A contest for which the person judged the laziest wins a cash prize. The other lazy guy story has ‘the laze’ blocked from his routine of living in the warm jail-house in the cold winter months and is given a badge to go after the “moonshiners” who are all his friends.

Where does Mcqueen get this stuff?

Country pranks, county-fairs, jealous-type wife beaters. Here’s one: “He was shaking like a dog pooping a peach seed.” LOL! The handling of marital betrayals and a thousand other rules of thumb.

The perspectives. “Morals”. “Appearances”. Things I have to reckon with when I visit my family who are now living in the Bible Belt. It all rings true to me. The story about a parish’s treatment of a land-owner so stingy that he threatened to shoot whomsoever might tread on his land even if it’s the quickest way to the church in a blizzard had me in tears. Might make a devout atheist consider joining the church…almost.

Even Satan himself makes a comical appearance.

A town meeting changes life as they know it when a wild woman with 12 kids and one on the way all from 12 or 13 different men brings the town to the consensus of immediate action upon this kind of immorality along the men responsible for all them father-less kids. Y’know, run them out of town or into church service, until she starts to point out the town’s respected husbands, fathers and gentlemen she’s come to “know” in the biblical sense. S’hilarious.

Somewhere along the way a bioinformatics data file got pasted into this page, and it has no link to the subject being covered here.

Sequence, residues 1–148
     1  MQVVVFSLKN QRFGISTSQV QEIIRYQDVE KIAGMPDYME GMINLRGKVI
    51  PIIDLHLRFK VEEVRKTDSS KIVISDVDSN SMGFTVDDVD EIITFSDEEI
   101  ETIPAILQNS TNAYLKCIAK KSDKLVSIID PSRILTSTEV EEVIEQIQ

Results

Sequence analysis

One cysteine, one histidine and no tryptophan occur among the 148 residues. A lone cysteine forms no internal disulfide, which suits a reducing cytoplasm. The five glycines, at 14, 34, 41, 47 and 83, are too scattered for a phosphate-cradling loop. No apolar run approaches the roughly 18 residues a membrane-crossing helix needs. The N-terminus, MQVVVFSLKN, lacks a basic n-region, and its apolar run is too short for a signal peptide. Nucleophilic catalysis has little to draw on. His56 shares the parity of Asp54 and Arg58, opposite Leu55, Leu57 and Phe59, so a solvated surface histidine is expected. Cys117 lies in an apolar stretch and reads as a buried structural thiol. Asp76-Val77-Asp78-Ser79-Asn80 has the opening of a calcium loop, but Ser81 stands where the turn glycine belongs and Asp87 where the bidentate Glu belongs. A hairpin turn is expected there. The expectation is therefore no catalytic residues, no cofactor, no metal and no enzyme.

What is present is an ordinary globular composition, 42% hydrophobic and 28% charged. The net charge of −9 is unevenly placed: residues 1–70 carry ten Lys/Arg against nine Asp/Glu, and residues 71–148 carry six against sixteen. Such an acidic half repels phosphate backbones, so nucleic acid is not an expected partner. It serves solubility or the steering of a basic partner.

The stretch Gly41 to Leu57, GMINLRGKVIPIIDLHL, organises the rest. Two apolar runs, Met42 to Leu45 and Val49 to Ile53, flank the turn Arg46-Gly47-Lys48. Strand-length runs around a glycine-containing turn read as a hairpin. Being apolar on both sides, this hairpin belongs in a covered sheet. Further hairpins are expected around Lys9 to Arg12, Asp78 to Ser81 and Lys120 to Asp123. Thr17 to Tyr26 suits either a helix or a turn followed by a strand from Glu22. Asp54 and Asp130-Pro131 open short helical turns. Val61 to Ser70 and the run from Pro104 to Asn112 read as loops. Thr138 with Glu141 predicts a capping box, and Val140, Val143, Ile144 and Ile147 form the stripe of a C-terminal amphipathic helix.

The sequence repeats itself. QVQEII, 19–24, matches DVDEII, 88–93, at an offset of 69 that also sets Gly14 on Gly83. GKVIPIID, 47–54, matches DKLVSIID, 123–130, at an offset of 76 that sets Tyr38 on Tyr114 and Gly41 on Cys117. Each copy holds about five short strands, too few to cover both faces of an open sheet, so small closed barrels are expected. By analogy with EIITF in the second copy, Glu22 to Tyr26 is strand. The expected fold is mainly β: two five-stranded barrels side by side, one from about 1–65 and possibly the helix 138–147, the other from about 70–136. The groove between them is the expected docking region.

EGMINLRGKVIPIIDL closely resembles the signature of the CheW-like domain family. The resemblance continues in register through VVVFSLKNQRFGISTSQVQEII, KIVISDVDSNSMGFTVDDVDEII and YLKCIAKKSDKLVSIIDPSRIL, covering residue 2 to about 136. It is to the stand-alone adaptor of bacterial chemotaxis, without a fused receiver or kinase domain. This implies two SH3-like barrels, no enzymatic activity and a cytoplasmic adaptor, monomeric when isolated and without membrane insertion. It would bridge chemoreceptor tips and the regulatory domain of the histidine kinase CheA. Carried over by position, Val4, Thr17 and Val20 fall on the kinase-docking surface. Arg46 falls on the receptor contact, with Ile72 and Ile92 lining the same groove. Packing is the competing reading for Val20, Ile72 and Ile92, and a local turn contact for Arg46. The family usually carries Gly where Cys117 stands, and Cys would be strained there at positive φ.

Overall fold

A village get-together meal becomes a public food fight. Great stories. I love this book.

I know this review is a lot longer than it should be, but I couldn’t see how to give an idea outlining just a couple of them as they’re so different. They seem to work better together as a collage of life in ol’ Muddy Fork. Apparently there’s a Muddy Fork out in Oregon. Probably very different though.

Ol’ Mcqueen is “cut loose”. I’d rate it at 9.9.9!

-Kevin

Looking to try out some Stanley Mcqueen? Try one of his short stories, which are also being sold individually.